Most of us have been taught that filling a garbage bag with old clothes and dropping it off at Goodwill or the Salvation Army is being charitable. The guilt of over-consumption is temporarily suppressed and we carry on. This is not being charitable. Just as offering someone your leftovers is not sharing. Sharing is offering a portion before you’ve had your first bite.
My mother says that giving away what you don’t want is not being charitable or generous because there’s no sacrifice or self-denial; you were going to get rid of the items anyway. Giving to charity what you really want for yourself or delaying a treat for yourself in order to help someone else is true charity. But, rather than top up the landfills, by doing the extra work of mending, washing, packing and delivering used – but still useable – goods to charity is, at the very least, thoughtful and eco-conscious. It helps someone in need and helps delay the item’s inevitable interment. Win-win.
A friend sent an e-mail about a clothing drive at her childrens’ school. It’s the perfect excuse to let go of what I haven’t even thought about wearing for over a year. And now, halleluia – some clothes are too big on me. They have to go. The timing is tight, though: the clothing drive ends at noon on Friday the 14th. Donations can be dropped off at Sir Richard W. Scott Catholic School in Markham, Ontario. (90 Roxbury, 14th Ave. and Markham Rd. 905-472-3964) They are looking for winter clothing, especially outerwear. If you live anywhere near the school, please consider a quick, unsentimental closet purge, as I will, too.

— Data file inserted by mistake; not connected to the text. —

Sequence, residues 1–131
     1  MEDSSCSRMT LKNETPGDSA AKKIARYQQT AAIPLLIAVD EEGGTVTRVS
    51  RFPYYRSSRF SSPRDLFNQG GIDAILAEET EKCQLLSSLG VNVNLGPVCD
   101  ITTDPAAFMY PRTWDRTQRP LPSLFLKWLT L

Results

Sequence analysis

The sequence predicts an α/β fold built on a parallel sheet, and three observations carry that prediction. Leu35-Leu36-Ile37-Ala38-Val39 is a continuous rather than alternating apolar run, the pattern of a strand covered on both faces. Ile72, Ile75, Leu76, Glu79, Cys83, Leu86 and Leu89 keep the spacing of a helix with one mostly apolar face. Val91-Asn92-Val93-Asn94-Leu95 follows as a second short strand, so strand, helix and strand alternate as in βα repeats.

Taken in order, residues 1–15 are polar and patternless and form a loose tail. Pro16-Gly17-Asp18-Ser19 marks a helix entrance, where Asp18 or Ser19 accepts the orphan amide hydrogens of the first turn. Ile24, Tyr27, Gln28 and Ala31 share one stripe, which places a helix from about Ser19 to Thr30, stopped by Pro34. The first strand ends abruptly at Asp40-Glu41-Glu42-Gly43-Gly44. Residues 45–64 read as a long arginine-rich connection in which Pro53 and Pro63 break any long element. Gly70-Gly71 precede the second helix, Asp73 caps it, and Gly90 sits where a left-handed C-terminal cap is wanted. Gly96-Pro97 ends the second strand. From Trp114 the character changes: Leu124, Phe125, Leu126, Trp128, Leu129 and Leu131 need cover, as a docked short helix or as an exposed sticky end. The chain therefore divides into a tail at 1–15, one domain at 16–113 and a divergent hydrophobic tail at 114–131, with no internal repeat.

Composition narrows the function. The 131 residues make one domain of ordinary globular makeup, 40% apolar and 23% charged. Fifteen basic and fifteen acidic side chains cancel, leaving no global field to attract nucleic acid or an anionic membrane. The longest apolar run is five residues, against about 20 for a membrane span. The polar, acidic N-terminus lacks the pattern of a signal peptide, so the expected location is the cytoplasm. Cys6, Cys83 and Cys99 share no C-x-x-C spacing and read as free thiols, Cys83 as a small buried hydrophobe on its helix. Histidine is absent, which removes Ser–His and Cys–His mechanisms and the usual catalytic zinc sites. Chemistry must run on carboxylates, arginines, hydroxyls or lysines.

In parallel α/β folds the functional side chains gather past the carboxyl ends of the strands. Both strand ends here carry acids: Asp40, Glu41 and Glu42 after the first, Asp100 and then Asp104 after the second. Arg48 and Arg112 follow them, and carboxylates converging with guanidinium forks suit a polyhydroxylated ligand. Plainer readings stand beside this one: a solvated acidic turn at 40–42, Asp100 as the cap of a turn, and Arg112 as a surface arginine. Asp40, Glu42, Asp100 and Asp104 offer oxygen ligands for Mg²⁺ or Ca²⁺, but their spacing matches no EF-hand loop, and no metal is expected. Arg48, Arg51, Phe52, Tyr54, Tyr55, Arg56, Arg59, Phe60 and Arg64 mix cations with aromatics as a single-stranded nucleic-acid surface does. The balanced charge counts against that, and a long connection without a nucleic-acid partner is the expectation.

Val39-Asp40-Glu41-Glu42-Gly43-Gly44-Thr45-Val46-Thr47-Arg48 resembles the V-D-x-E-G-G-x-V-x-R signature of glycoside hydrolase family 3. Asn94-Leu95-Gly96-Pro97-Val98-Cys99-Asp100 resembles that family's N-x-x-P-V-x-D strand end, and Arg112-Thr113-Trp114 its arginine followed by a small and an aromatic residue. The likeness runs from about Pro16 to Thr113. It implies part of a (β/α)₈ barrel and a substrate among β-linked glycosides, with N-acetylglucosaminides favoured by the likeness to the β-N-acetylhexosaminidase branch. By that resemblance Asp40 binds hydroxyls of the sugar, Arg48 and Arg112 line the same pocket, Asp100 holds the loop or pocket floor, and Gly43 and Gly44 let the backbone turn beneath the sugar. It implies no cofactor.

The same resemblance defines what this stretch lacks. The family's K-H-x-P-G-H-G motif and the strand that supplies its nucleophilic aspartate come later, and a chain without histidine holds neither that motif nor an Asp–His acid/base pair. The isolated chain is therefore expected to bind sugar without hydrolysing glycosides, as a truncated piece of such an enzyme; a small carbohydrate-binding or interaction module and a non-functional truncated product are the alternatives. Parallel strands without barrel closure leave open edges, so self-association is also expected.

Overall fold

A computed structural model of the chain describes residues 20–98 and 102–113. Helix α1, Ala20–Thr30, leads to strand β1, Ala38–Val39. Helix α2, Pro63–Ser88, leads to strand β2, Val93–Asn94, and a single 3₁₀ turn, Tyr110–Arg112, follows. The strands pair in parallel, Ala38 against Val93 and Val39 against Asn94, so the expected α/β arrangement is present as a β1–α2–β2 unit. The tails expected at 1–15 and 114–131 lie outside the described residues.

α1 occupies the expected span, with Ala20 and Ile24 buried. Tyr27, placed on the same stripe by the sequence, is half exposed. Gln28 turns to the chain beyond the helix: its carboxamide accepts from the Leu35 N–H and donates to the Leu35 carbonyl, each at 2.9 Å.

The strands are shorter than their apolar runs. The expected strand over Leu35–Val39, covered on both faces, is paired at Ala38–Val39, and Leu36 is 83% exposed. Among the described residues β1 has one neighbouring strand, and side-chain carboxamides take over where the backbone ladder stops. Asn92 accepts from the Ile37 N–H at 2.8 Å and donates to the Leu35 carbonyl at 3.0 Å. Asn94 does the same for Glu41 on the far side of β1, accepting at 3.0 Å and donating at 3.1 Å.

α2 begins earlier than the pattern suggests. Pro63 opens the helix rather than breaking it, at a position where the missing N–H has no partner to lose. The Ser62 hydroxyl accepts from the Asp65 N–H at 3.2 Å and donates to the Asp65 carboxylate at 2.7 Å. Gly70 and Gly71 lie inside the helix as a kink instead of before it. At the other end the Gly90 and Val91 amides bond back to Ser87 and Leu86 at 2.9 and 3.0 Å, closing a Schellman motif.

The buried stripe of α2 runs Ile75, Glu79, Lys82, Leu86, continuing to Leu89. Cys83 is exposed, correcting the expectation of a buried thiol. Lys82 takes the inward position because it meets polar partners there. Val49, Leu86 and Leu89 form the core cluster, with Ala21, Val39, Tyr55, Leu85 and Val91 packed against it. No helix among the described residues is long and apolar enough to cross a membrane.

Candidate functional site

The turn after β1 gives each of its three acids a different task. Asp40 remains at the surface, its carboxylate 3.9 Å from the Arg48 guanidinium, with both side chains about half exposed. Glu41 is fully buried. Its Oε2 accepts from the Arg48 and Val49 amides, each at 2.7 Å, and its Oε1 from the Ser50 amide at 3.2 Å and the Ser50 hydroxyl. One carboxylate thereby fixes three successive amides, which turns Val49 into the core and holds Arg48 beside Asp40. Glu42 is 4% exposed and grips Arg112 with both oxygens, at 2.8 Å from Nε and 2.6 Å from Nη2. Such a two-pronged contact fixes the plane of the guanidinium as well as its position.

In the spirit of abiding by my mother’s definition of charity, I will give away something beautiful that I would like to keep for myself, but I know will make someone less fortunate feel lucky and grateful for a little while. I imagine someone who counts on charitable hand-outs already feels a little bad about their situation. Having to chose between damaged or stained items (as are often in charity bins) must be completely demoralizing. I’ll make sure to only give really good quality, presentable items for others to enjoy.
Kindness, generosity and charity are our unspoken covenants with each other. I’ve made it a habit since my university days. Back then, I defined luxury as buying a CD. And to feel as though I was a contributing member of society, every time I bought a CD, I would send $20 to Covenant House, a place for run-away teens. I couldn’t bear the thought of me buying a non-essential, while others a bit younger than me didn’t have a place to sleep. It was my way of showing compassion. And certainly, donating $20 prevented me from buying a second CD, so it fit the ‘sacrifice’ portion of charity.
I’m curious to know how parents are teaching their children about charity. What were you taught? Please post your comments. You may have a very helpful idea.